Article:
What happens on a club weekend ?
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Peak District
Peak District
Peak District
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A Club Peak District Weekend


I am often asked this question by new members, apprehensive about their first time out with the club. To help beginners, I will describe a typical event, the January Peak District weekend.
The Friday night pitch is really the meeting point where members gather from all over, and can park cars for the weekend. On this event, they came from London, Kent, Hemel Hempstead, Blackpool, Kidderminster, Ripon, Reading, as well as from the Midlands, to the little campsite at the back of the pub in Wetton village. Members can arrive at any time, some may come Saturday morning. I, as arranger (don’t like the term organiser – we don’t organise anybody), wanted to be there before dark Friday afternoon in case of problems to solve, so the other three I travelled with had to be early too. Even then, Ant from Nuneaton beat us to it. Some others drifted in before darkness fell and we retired to the tents to wait for the pub to open. Several more had quietly arrived by the time we were in the pub, most had ordered meals (so much for backpackers being self-sufficient). At this time, we all knew each other through the club, though two were in their first year, and two in their second year, you see, members are so easy to get on with, in a couple of meetings they are like old friends.

Then Bernie (Bernadette) arrived! Her first club meet, very dubious about marching into a pub announcing she intended camping with a load of strangers. She soon realised that we all, as outdoor types, had a lot in common, any differences being readily accommodated, no ‘elitists’ here!

Saturday morning, while collecting pitch fees (varied depending on pitch, but around £5-8-10 pppn 2018), the arranger usually does the collecting), I spotted three new faces, the prospective members who had contacted me by phone and email, intending to try out the club. They had been delayed on the M1, arriving 2 hours after their 10 o’clock ETA, but had pitched tent without any disturbance at all.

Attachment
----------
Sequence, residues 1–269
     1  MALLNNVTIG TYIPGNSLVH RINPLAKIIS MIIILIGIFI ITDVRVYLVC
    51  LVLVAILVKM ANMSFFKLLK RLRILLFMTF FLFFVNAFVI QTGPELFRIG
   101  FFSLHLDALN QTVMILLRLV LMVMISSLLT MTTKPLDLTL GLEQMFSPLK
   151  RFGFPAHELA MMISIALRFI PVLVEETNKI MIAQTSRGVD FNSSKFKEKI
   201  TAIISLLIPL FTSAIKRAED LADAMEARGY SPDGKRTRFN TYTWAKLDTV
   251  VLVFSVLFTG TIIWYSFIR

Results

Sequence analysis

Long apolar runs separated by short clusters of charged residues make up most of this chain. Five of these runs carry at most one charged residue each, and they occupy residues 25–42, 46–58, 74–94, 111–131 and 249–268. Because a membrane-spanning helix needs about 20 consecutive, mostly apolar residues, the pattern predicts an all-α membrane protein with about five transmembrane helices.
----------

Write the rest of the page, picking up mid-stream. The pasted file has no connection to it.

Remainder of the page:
Event arrangers usually provide some sort of information sheet with suggested routes, helpful for beginners or those new to the area, though route selection is entirely the choice of the individual. We do not actually lead walks, but as arranger, I am prepared to lead newcomers if they wish.

Members start packing away any time from 7.30 to 9.30 in the winter, and drift away in one’s, two’s, three’s, four’s as the mood and coinciding route ideas take them. As arranger, I will be last away, to be sure that everyone is happy with their plans, and no-one is left ‘head-scratching’. This time Bernie, Alan, Ant and I were all last, so we walked off together. Over Ecton Hill, we could see a group of three on Summer Hill, then we met Malcolm at Ecton but soon diverged again. We stopped at the Hulme End visitor centre for our picnic lunch, Alan was the only one to brew tea. On the Revidge, half an hour’s walk from the Saturday night pitch at Reaps Moor, we bumped into another group of three whose route had taken in Butterton. Just ahead were the three from Summer Hill, and ahead of them were the two with dogs, all groups had taken different routes to here.

Winter backpacking entails pitching by 4 o’clock to avoid ‘starlight pitching’ and the three non-members used every bit of daylight. I was relieved to see them, not knowing their abilities. The Reaps Moor pitch is a field at the side of the Butchers Arms with facilities so old, just a tap and a ‘sort-of toilet’, he does not charge us to camp. Meals, though, are excellent and once again, most were indulging. In the Peak District you only need to bring breakfast! Plenty of tales about how the day went were getting taller as the beer flowed.

Sunday morning is a repeat process, packing away at differing times, forming groups, discussing routes, where’s the pub, where’s the cafe, etc, and now I’m in a group of six. We cross paths with the non-members at Hartington, then split into two three’s at Narrowdale Hill, arriving back at Wetton within minutes of most others, before the drive back home.
This is the most popular format of event, but there are basically two other types The static weekend, using the same pitch two nights for ‘day-walking’, and in wild country often the Saturday night pitch is undefined as most members will ‘wild pitch’ in the hills.

There are few rules to abide by apart for common sense, i.e. the Countryside Code, always respecting others and the country we travel on, not bringing the club into disrepute, and you are solely responsible for your own actions.

A good way to feel your way into club events is to make contact with your local liaison member to at least ‘break the ice’ locally, and perhaps join forces for the journey to an event.

Contact the club for further your details of your local liaison member. e-mail us at inforequest@backpackersclub.co.uk

Scotland
Scotland
Scotland
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The Club in Scotland.


Tony Wilson


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